Institutions bailed out by taxpayers must be more accountable

December 13, 2012 9:01 AM

Four years after the taxpayer funded bailout of insurance giant AIG, the US Treasury Department has sold off its last shares in the company. Over the last few years, the sale of shares has resulted in a nominal profit of $22 billion. The US government pumped more than $180 billion into the beleaguered firm in 2008 as the financial world was brought to its knees.

Just a few weeks later, RBS and Lloyds received bailout money to the tune of £37 billion, but returns similar to those from the AIG rescue are a distant dream to British taxpayers who are seemingly on the hook indefinitely. The US Treasury and Federal Reserve started reducing their stake fairly rapidly in early 2011 as the firm restructured and returned to profitability. In fact, American taxpayers have largely escaped losses from their politicians’ bailout gambles: the government has already got $449 billion of their $605 billion outlay back.

These numbers don’t however account for risk or inflation and there are still hundreds of billions of dollars of loans to the likes of Fannie Mae and Freddie Mac outstanding. Nevertheless, progress compares very favourably to us.

Credit must be given to Jim Millstein, the former chief restructuring officer at the US Treasury and his team who have overseen a dramatic restructuring of the business which has halved its workforce and wound down poorly performing operations.

Stateside, bosses of bailed out institutions were regularly brought before Congress to explain what was being done to fix the company and how taxpayers’ money was going to be returned. This approach focussed minds and made executives aware that it couldn’t be business as usual with taxpayers’ money at stake.

Contrast this to our no scrutiny, no questions asked approach and it’s easy to see why we’re in such a mess. Politicians this side of the Atlantic should take note and make RBS and Lloyds employees more accountable to the taxpayers who kept them in their jobs. Major tax reform, as set out in the 2020 Tax Commission is needed so that our economy can manage better whatever the conditions in the global economy.

But taxpayers also need protection from the prevailing bailout culture. Matthew Sinclair has discussed proposals from Andrew Lilico which would do just this.Four years after the taxpayer funded bailout of insurance giant AIG, the US Treasury Department has sold off its last shares in the company. Over the last few years, the sale of shares has resulted in a nominal profit of $22 billion. The US government pumped more than $180 billion into the beleaguered firm in 2008 as the financial world was brought to its knees.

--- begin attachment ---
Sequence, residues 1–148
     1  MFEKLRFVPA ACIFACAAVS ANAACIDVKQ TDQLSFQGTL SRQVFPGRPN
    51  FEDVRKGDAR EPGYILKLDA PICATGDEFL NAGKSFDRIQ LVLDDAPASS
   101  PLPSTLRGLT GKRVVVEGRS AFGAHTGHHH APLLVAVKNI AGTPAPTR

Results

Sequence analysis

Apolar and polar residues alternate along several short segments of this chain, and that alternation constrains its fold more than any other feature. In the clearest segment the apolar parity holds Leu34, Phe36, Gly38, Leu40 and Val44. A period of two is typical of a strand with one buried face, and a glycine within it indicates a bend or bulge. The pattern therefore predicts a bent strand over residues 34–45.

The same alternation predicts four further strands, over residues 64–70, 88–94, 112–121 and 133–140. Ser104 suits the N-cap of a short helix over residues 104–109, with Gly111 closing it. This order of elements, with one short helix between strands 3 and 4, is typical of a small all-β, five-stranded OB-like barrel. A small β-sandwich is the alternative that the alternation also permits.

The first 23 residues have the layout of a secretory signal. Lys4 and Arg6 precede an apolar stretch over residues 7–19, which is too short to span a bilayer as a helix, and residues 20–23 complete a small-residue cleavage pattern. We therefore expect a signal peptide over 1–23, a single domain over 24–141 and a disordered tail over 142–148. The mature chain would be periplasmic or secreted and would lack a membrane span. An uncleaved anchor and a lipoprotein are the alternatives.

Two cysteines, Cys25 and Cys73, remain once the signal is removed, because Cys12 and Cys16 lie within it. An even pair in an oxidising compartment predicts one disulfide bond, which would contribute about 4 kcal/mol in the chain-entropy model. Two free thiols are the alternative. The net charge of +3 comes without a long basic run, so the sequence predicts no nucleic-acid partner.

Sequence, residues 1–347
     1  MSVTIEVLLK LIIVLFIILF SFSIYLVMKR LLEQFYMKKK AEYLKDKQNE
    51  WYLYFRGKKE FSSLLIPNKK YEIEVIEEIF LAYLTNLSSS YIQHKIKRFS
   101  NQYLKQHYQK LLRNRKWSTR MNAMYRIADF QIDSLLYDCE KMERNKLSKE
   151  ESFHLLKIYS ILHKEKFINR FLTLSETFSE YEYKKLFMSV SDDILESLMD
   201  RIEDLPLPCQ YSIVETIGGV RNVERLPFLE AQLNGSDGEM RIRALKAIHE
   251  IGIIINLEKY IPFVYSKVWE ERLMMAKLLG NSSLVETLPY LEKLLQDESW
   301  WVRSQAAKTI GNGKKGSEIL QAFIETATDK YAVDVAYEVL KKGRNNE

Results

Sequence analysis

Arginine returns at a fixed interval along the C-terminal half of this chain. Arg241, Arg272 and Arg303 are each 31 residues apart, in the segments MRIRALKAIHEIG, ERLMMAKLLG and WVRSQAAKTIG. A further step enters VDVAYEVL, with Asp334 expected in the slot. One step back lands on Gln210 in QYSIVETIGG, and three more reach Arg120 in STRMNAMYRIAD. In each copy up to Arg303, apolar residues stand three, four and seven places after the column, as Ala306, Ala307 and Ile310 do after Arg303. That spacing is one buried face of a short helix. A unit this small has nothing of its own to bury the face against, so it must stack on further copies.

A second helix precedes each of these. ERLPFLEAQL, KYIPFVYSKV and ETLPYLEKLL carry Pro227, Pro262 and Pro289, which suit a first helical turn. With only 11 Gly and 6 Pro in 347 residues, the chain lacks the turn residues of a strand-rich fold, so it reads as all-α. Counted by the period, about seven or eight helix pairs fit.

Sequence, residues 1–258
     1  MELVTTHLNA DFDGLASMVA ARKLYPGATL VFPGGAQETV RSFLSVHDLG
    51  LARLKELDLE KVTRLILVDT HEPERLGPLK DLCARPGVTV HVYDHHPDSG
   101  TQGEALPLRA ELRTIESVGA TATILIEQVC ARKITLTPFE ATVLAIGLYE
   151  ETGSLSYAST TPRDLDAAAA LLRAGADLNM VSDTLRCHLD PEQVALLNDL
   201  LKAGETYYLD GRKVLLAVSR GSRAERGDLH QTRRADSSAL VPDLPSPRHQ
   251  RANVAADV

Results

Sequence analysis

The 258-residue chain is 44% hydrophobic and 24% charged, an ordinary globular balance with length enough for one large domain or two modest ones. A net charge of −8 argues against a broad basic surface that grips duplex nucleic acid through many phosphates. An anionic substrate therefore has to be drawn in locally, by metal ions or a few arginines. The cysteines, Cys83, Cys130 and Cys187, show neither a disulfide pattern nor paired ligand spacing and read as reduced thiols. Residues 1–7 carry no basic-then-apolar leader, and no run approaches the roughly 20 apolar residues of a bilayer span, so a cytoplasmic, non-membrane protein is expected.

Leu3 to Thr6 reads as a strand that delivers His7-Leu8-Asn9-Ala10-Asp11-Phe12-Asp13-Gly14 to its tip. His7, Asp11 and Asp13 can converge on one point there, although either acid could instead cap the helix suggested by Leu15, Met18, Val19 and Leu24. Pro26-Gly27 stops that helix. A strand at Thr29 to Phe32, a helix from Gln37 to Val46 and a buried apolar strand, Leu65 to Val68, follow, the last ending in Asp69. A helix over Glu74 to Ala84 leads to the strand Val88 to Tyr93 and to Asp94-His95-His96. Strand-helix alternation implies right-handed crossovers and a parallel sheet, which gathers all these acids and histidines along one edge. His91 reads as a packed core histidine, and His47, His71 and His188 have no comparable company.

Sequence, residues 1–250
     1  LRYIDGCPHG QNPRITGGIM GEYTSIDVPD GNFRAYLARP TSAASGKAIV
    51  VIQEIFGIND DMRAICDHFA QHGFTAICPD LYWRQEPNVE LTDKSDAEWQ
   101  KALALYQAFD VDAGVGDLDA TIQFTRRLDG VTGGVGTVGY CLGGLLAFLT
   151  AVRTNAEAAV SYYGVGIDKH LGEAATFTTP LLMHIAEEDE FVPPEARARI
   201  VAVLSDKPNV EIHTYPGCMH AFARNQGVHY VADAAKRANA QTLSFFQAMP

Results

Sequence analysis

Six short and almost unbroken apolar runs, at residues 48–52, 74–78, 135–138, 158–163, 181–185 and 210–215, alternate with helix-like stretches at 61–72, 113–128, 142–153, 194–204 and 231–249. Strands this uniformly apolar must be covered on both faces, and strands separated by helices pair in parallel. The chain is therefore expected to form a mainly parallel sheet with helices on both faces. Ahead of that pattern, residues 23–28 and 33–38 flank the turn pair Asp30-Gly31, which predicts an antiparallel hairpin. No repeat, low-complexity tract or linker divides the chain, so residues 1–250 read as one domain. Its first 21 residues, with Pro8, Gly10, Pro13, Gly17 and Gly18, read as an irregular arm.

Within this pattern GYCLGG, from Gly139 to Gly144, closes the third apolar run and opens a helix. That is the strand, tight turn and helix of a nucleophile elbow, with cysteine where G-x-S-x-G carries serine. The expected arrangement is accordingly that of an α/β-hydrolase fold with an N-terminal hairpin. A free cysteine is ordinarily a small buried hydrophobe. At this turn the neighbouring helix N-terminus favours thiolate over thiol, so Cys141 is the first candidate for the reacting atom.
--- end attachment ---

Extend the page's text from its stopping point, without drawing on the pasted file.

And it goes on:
Just a few weeks later, RBS and Lloyds received bailout money to the tune of £37 billion, but returns similar to those from the AIG rescue are a distant dream to British taxpayers who are seemingly on the hook indefinitely. The US Treasury and Federal Reserve started reducing their stake fairly rapidly in early 2011 as the firm restructured and returned to profitability. In fact, American taxpayers have largely escaped losses from their politicians’ bailout gambles: the government has already got $449 billion of their $605 billion outlay back.

These numbers don’t however account for risk or inflation and there are still hundreds of billions of dollars of loans to the likes of Fannie Mae and Freddie Mac outstanding. Nevertheless, progress compares very favourably to us.

Credit must be given to Jim Millstein, the former chief restructuring officer at the US Treasury and his team who have overseen a dramatic restructuring of the business which has halved its workforce and wound down poorly performing operations.

Stateside, bosses of bailed out institutions were regularly brought before Congress to explain what was being done to fix the company and how taxpayers’ money was going to be returned. This approach focussed minds and made executives aware that it couldn’t be business as usual with taxpayers’ money at stake.

Contrast this to our no scrutiny, no questions asked approach and it’s easy to see why we’re in such a mess. Politicians this side of the Atlantic should take note and make RBS and Lloyds employees more accountable to the taxpayers who kept them in their jobs. Major tax reform, as set out in the 2020 Tax Commission is needed so that our economy can manage better whatever the conditions in the global economy.

But taxpayers also need protection from the prevailing bailout culture. Matthew Sinclair has discussed proposals from Andrew Lilico which would do just this.

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